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12 November, 2015 - 10:01 By Kate Sweeney

Genomics boost for global wheat production

wheat TGAC

Genomics experts in the East of England have made a significant advance that could improve wheat production worldwide.

The Genome Analysis Centre (TGAC) in Norwich has come up with what it believes is a more complete and accurate wheat genome assembly which is being made available to researchers.

This landmark resource builds on international efforts in this arena and will help wheat breeders accelerate their crop improvement programmes and researchers to discover genes for key traits such as yield, nutrient use and bread making quality.

As wheat is one of the world’s most vital crops, the new genomics resources will help secure future food supplies, says TGAC.

The wheat genome is now assembled into fewer and much larger chunks of DNA and covers regions that previous assemblies did not reach, such as complicated highly repetitive regions that form about 80 per cent of the DNA sequences.

Matt Clark, group leader at TGAC and co-principal investigator on the grant said: “Furthermore, wheat has a very large and complex genome made by the hybridisation of three closely related grasses, each of which has a large genome itself. It’s has been a complex problem that has confounded scientists for several years.”

Reaching this milestone has been a major UK-based effort to identify and understand wheat genes and develop insights into the links between them to aid breeding programmes.

In this latest development, billions of bases needed to be sequenced and the assembly – a gigantic jigsaw puzzle using billions of pieces that are very similar to each other – took three weeks to complete on one of the UK’s largest supercomputers, which was specially configured for work on wheat.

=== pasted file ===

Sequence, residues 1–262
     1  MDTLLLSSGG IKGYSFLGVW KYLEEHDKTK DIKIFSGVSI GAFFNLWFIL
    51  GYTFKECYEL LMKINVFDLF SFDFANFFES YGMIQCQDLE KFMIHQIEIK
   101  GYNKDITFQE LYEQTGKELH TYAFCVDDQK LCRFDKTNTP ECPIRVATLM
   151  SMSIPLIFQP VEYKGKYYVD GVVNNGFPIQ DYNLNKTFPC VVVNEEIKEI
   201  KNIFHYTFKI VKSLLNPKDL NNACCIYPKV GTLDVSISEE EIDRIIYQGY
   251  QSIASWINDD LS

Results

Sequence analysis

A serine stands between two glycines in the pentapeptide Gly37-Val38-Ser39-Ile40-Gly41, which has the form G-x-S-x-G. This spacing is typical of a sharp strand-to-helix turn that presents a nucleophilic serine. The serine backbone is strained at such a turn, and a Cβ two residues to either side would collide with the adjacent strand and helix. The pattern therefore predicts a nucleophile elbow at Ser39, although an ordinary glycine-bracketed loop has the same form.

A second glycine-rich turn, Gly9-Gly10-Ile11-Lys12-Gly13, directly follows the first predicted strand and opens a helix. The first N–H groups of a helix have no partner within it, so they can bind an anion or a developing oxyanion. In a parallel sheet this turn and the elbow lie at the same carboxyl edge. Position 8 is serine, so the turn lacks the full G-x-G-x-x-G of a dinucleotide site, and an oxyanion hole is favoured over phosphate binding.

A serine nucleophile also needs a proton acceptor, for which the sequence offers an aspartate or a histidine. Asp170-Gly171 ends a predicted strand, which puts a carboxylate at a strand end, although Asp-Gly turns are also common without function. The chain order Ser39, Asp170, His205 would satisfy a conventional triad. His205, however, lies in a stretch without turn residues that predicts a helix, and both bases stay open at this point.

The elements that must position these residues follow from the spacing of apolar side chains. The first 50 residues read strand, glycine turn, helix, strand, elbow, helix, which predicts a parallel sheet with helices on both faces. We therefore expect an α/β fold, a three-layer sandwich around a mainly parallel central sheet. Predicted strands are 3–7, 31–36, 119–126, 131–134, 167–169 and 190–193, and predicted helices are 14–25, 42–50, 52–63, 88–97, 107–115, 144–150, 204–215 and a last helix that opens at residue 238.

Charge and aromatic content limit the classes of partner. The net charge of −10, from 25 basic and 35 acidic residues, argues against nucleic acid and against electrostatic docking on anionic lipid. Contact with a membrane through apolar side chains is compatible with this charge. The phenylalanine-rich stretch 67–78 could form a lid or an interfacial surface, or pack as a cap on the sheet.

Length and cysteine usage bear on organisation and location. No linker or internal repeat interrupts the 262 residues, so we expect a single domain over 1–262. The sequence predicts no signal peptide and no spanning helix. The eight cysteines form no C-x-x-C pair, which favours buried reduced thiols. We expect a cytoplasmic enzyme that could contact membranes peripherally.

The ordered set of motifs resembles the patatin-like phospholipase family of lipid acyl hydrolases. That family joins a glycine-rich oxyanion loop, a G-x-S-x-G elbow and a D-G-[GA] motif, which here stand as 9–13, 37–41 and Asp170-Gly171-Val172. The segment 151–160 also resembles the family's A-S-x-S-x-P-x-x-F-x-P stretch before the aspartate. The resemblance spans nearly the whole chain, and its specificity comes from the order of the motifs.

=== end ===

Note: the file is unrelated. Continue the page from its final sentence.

To assemble the wheat genome, Bernardo Clavijo, algorithms research and development team leader at TGAC, made major modifications to a software, called DISCOVAR, developed by the Broad Institute in Cambridge US. This was previously used for specialist applications in human genome assembly. To ensure all the complexity of the DNA sequence was preserved during assembly, a series of major overhauls were made to the software.

These advances mean the software can now assemble several wheat genomes with high speed and great precision. This sets the stage for rapidly generating useful assemblies of many varieties of wheat, which is an essential step for breeding and research.

Mike Bevan from the John Innes Centre, co-principal investigator, said: “The capacity to sequence and assemble many wheat genomes efficiently breaks down major barriers to wheat crop improvement. We will now be able to exploit genetic variation from ancestral wheat varieties for crop improvement in new ways.”

The Biotechnology and Biosciences Research Council funded the project.

• Picture Credit: Zeljko Radojko

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